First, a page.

Murder in New Orleans: The Creation of Jim Crow Policing

University of Chicago Press
Free sample

New Orleans in the 1920s and 1930s was a deadly place. In 1925, the city’s homicide rate was six times that of New York City and twelve times that of Boston. Jeffrey S. Adler has explored every homicide recorded in New Orleans between 1925 and 1940—over two thousand in all—scouring police and autopsy reports, old interviews, and crumbling newspapers. More than simply quantifying these cases, Adler places them in larger contexts—legal, political, cultural, and demographic—and emerges with a tale of racism, urban violence, and vicious policing that has startling relevance for today.

Murder in New Orleans shows that whites were convicted of homicide at far higher rates than blacks leading up to the mid-1920s. But by the end of the following decade, this pattern had reversed completely, despite an overall drop in municipal crime rates. The injustice of this sharp rise in arrests was compounded by increasingly brutal treatment of black subjects by the New Orleans police department. Adler explores other counterintuitive trends in violence, particularly how murder soared during the flush times of the Roaring Twenties, how it plummeted during the Great Depression, and how the vicious response to African American crime occurred even as such violence plunged in frequency—revealing that the city’s cycle of racial policing and punishment was connected less to actual patterns of wrongdoing than to the national enshrinement of Jim Crow. Rather than some hyperviolent outlier, this Louisiana city was a harbinger of the endemic racism at the center of today’s criminal justice state. Murder in New Orleans lays bare how decades-old crimes, and the racially motivated cruelty of the official response, have baleful resonance in the age of Black Lives Matter.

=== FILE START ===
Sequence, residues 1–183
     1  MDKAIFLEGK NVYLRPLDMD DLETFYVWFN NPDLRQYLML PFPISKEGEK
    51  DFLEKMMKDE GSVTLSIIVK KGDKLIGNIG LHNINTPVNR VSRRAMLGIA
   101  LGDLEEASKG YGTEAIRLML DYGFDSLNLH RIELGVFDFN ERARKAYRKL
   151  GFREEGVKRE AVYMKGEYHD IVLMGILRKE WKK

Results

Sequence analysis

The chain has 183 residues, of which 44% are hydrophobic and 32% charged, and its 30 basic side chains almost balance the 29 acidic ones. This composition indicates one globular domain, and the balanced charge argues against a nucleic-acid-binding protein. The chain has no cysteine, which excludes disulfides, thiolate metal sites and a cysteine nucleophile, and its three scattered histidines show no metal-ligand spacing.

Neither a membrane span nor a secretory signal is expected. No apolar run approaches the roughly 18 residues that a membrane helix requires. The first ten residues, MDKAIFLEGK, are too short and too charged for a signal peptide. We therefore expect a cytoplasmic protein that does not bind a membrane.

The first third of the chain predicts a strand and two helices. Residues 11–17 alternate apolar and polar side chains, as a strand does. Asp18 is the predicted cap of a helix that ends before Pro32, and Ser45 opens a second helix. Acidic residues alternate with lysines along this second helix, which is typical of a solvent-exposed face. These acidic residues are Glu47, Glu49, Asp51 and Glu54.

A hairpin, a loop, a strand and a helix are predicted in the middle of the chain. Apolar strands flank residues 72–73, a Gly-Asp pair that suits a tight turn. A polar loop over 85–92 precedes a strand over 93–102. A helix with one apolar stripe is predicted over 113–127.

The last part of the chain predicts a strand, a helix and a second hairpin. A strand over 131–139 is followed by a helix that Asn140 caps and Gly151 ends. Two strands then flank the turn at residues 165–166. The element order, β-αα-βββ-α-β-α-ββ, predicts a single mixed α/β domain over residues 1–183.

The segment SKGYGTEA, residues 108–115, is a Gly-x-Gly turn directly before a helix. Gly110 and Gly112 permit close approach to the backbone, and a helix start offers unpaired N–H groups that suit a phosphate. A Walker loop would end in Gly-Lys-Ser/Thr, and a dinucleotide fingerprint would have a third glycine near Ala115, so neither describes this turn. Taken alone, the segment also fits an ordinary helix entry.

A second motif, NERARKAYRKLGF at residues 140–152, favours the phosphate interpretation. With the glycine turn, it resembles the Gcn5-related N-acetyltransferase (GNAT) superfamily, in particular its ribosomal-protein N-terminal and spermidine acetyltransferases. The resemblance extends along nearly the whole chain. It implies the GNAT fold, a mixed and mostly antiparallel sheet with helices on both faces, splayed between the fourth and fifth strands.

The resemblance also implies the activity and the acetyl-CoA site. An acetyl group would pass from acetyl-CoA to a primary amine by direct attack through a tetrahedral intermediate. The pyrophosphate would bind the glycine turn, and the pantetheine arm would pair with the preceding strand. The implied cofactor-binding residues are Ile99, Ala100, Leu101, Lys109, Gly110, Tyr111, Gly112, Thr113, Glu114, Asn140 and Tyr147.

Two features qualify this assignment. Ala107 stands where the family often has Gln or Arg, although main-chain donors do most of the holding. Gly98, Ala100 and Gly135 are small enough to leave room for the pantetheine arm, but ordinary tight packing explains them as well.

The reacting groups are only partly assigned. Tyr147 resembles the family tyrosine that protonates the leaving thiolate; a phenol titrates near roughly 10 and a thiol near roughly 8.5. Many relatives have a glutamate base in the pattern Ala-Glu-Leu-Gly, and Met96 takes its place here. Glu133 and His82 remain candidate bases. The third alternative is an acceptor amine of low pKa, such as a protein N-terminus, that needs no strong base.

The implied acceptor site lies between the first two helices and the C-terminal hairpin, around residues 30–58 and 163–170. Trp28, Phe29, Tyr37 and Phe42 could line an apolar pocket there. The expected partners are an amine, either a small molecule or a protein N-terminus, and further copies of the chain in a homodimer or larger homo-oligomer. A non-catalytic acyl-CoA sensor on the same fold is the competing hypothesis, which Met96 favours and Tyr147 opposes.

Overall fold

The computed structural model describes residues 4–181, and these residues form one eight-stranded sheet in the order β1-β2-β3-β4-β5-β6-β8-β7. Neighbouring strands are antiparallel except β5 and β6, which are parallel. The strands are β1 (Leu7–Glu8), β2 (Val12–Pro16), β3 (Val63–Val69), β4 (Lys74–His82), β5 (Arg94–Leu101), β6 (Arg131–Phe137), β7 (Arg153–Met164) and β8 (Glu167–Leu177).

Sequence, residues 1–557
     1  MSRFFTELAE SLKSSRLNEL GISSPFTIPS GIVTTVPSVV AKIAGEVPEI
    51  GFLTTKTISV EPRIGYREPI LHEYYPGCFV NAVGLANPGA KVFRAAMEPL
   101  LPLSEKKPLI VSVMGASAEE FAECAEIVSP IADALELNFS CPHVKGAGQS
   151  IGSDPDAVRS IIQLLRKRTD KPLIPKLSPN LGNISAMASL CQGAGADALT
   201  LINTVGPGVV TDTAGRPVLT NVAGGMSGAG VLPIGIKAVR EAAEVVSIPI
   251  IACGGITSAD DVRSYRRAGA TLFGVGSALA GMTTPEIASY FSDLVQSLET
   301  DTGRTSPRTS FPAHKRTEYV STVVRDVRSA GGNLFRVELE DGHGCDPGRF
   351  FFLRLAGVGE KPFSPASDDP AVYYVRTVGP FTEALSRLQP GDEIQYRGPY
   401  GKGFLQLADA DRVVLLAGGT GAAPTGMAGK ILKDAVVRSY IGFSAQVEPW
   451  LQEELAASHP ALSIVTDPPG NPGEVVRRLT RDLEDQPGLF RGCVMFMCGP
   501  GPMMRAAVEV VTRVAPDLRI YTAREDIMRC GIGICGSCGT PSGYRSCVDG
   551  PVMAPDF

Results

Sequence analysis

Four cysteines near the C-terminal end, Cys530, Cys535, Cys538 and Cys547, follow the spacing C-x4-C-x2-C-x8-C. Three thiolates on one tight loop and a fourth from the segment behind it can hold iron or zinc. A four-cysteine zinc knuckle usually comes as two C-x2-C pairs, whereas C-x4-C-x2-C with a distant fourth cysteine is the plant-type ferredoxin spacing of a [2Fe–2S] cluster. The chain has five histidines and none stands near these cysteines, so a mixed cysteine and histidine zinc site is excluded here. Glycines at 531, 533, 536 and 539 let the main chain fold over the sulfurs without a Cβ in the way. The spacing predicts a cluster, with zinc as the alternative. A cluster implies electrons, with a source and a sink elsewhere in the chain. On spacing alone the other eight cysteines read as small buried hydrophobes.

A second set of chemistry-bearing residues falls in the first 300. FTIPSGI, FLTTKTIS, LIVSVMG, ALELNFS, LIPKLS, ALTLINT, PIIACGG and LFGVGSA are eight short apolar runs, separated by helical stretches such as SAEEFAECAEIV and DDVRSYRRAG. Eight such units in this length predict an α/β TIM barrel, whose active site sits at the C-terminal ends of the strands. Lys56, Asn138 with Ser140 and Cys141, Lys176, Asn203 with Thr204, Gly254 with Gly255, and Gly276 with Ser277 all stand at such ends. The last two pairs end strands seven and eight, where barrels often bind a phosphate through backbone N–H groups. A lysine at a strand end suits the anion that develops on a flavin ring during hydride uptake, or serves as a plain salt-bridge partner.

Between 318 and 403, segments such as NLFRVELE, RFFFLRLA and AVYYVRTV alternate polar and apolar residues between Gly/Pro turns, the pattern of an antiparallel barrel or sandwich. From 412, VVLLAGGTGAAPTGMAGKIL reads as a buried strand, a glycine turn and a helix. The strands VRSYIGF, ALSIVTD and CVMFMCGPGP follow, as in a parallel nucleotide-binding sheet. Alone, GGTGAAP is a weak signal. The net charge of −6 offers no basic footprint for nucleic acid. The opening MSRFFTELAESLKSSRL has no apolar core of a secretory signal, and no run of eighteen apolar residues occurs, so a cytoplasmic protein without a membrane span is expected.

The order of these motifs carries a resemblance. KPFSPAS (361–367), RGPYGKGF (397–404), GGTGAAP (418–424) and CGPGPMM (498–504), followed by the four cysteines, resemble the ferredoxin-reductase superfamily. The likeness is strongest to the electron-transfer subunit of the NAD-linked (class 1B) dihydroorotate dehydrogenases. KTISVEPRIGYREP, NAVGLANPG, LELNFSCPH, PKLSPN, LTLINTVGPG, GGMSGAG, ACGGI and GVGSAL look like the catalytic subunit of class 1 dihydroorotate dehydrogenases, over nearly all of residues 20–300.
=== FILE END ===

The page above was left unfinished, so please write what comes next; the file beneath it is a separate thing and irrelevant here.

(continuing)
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About the author

Jeffrey Adler is professor of history and criminology, as well as distinguished teaching scholar, at the University of Florida.
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Additional Information

Publisher
University of Chicago Press
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Published on
Aug 2, 2019
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Pages
280
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ISBN
9780226643458
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Language
English
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Genres
History / General
History / United States / 20th Century
History / United States / State & Local / South (AL, AR, FL, GA, KY, LA, MS, NC, SC, TN, VA, WV)
Social Science / Criminology
Social Science / Ethnic Studies / African American Studies
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Content Protection
This content is DRM protected.
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A NEW YORK TIMES BESTSELLER

WINNER OF THE 2019 NATIONAL BOOK AWARD FOR NONFICTION

A brilliant, haunting and unforgettable memoir from a stunning new talent about the inexorable pull of home and family, set in a shotgun house in New Orleans East.

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